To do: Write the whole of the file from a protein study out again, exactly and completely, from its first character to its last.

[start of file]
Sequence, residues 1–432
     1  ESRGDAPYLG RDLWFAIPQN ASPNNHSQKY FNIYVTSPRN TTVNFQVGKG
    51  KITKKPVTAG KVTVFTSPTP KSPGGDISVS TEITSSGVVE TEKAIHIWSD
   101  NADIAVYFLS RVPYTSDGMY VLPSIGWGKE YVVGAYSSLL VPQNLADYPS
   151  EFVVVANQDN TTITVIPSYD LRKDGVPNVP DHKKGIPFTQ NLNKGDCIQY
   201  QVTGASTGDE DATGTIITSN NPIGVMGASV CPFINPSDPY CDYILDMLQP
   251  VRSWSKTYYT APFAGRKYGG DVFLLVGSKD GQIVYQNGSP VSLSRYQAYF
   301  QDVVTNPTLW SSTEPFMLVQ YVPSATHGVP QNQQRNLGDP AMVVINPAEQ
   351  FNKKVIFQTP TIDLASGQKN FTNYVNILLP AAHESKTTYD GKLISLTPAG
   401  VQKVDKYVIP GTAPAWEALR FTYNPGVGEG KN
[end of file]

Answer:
Sequence, residues 1–432
     1  ESRGDAPYLG RDLWFAIPQN ASPNNHSQKY FNIYVTSPRN TTVNFQVGKG
    51  KITKKPVTAG KVTVFTSPTP KSPGGDISVS TEITSSGVVE TEKAIHIWSD
   101  NADIAVYFLS RVPYTSDGMY VLPSIGWGKE YVVGAYSSLL VPQNLADYPS
   151  EFVVVANQDN TTITVIPSYD LRKDGVPNVP DHKKGIPFTQ NLNKGDCIQY
   201  QVTGASTGDE DATGTIITSN NPIGVMGASV CPFINPSDPY CDYILDMLQP
   251  VRSWSKTYYT APFAGRKYGG DVFLLVGSKD GQIVYQNGSP VSLSRYQAYF
   301  QDVVTNPTLW SSTEPFMLVQ YVPSATHGVP QNQQRNLGDP AMVVINPAEQ
   351  FNKKVIFQTP TIDLASGQKN FTNYVNILLP AAHESKTTYD GKLISLTPAG
   401  VQKVDKYVIP GTAPAWEALR FTYNPGVGEG KN